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Biomedical engineering students build app to help stroke victims communicate

Shank checkAbout 10 years ago, a stroke robbed Dr. John Shank of the ability to speak all but a few words. A group of Trine University students worked this year on an app to give him his voice back.

Biomedical engineering students Michael Scoffin, Joe LeSueur and Marisa Robinett, all seniors, developed the SHANK Week Communication App as part of their senior design project. They also entered the app in the university’s annual Innovation Challenge competition, winning second place and the People’s Choice Award for the technology portion of the college and community division.

Shank’s stroke affected the Broca’s area of the brain, which is linked to speech production, but left intact the visual cortex and Wernicke’s area, which is linked to speech comprehension. Thus, he is able to read and understand others but unable to verbalize a response.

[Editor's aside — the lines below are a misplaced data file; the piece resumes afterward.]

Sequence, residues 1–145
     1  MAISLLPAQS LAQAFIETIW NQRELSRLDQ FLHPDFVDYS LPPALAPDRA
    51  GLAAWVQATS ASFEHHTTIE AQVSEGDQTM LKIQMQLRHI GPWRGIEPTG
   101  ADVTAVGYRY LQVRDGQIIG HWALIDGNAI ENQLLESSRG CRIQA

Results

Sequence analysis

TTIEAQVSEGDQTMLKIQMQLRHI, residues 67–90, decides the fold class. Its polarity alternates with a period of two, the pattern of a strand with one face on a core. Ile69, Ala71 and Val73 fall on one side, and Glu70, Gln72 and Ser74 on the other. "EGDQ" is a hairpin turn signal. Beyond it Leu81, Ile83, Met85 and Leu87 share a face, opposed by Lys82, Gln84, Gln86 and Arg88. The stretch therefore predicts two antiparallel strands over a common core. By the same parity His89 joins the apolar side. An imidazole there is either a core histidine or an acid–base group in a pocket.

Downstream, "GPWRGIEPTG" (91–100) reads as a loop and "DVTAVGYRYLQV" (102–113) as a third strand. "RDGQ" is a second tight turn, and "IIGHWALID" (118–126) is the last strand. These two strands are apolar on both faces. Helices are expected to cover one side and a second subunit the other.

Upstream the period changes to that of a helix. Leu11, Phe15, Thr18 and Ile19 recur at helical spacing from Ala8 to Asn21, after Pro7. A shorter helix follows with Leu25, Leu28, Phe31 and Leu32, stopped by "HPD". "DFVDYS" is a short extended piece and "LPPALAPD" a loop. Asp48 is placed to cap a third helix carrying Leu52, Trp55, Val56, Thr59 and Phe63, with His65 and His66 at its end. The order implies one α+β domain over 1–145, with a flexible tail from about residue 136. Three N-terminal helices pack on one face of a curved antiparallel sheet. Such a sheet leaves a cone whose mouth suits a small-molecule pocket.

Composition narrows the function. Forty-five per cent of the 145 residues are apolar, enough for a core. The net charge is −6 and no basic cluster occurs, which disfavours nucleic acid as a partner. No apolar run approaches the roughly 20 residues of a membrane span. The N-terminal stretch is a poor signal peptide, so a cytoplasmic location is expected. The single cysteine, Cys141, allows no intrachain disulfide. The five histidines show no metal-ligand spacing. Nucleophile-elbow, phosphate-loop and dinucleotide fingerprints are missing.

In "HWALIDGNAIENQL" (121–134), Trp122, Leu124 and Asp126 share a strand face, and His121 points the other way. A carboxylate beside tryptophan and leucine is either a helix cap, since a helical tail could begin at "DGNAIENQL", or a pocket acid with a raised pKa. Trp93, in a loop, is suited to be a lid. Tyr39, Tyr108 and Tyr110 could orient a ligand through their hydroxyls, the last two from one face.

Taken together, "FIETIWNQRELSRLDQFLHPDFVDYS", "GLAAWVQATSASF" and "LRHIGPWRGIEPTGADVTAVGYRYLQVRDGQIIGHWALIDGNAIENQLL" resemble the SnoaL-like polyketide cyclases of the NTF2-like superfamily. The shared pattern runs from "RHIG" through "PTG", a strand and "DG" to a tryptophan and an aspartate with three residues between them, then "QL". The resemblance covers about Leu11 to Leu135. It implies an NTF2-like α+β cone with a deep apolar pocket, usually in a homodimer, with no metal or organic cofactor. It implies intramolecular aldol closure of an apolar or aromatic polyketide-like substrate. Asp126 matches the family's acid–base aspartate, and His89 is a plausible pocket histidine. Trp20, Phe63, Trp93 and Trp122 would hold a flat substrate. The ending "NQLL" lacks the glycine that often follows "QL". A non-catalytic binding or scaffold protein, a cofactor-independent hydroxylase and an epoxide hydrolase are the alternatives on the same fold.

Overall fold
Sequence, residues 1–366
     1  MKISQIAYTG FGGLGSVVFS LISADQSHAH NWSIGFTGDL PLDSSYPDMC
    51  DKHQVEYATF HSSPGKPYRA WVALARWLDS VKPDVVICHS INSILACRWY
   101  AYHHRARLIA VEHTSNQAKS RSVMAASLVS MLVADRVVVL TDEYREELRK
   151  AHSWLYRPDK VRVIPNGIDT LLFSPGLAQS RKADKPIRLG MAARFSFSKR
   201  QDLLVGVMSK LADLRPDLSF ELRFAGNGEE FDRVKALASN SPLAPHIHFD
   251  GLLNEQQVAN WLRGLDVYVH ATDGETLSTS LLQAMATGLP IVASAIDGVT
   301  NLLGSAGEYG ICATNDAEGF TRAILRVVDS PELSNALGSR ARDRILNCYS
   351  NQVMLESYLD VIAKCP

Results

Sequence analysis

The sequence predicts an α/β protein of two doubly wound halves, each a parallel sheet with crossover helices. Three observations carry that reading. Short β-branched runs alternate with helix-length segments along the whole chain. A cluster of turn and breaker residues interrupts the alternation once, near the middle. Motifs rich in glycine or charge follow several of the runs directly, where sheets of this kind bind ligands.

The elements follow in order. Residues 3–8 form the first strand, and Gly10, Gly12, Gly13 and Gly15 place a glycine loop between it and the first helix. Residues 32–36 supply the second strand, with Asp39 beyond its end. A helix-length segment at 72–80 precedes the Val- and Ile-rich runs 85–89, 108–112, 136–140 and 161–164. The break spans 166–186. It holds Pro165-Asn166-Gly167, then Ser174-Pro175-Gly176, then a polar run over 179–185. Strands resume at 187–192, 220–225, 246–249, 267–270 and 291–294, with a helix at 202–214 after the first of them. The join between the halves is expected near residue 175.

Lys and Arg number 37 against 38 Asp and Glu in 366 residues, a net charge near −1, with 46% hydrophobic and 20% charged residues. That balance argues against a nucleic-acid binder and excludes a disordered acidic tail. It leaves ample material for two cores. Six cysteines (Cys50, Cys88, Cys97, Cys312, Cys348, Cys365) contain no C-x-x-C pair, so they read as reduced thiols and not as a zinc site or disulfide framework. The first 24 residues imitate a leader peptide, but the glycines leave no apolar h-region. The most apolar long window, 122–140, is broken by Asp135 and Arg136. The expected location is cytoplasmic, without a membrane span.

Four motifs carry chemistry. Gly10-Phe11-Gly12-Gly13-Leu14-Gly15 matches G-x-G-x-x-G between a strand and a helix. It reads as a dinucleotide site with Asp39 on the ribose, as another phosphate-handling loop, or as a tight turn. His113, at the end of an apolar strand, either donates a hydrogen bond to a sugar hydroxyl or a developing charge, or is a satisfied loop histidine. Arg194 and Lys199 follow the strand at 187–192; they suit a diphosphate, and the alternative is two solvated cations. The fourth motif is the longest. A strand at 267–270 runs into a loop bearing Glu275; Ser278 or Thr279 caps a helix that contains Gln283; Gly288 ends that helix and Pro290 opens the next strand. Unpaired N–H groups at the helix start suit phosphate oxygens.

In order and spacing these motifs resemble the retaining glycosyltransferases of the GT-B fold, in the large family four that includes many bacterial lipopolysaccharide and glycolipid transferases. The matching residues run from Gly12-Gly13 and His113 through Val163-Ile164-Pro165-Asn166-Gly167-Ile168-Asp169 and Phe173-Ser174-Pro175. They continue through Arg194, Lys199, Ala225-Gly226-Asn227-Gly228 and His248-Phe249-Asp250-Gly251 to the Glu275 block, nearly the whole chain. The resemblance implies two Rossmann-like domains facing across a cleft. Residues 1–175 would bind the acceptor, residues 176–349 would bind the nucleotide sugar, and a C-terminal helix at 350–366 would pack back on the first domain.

The students coded the app for iOS, pairing emojis with common phrases. The app allows the iPhone to vocalize complex phrases as Shank uses the emojis.

According to the Centers for Disease Control, 795,000 people in the U.S. suffer a stroke each year, with 87% of those being ischemic strokes like Shank suffered. The group said the app also could help students who have learning disabilities related to communication.

The students hope in the future to develop versions for other mobile platforms, to add functionality while patients use the phone for the call, and to add the ability to output to a text message as opposed to audio.

Photo: From left, biomedical engineering seniors Joe LeSueur, Michael Scoffin and Marisa Robinett won second place in the 2020 Innovation Challenge for the SHANK Week Communication App.